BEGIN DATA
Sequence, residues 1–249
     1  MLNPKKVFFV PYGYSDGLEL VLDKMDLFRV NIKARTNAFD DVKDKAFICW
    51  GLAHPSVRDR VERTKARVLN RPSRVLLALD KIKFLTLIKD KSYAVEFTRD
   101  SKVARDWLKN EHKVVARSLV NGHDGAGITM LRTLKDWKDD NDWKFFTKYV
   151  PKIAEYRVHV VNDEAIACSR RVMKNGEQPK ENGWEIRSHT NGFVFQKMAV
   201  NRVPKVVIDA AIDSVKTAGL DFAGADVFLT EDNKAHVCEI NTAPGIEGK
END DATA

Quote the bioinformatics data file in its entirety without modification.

Sequence, residues 1–249
     1  MLNPKKVFFV PYGYSDGLEL VLDKMDLFRV NIKARTNAFD DVKDKAFICW
    51  GLAHPSVRDR VERTKARVLN RPSRVLLALD KIKFLTLIKD KSYAVEFTRD
   101  SKVARDWLKN EHKVVARSLV NGHDGAGITM LRTLKDWKDD NDWKFFTKYV
   151  PKIAEYRVHV VNDEAIACSR RVMKNGEQPK ENGWEIRSHT NGFVFQKMAV
   201  NRVPKVVIDA AIDSVKTAGL DFAGADVFLT EDNKAHVCEI NTAPGIEGK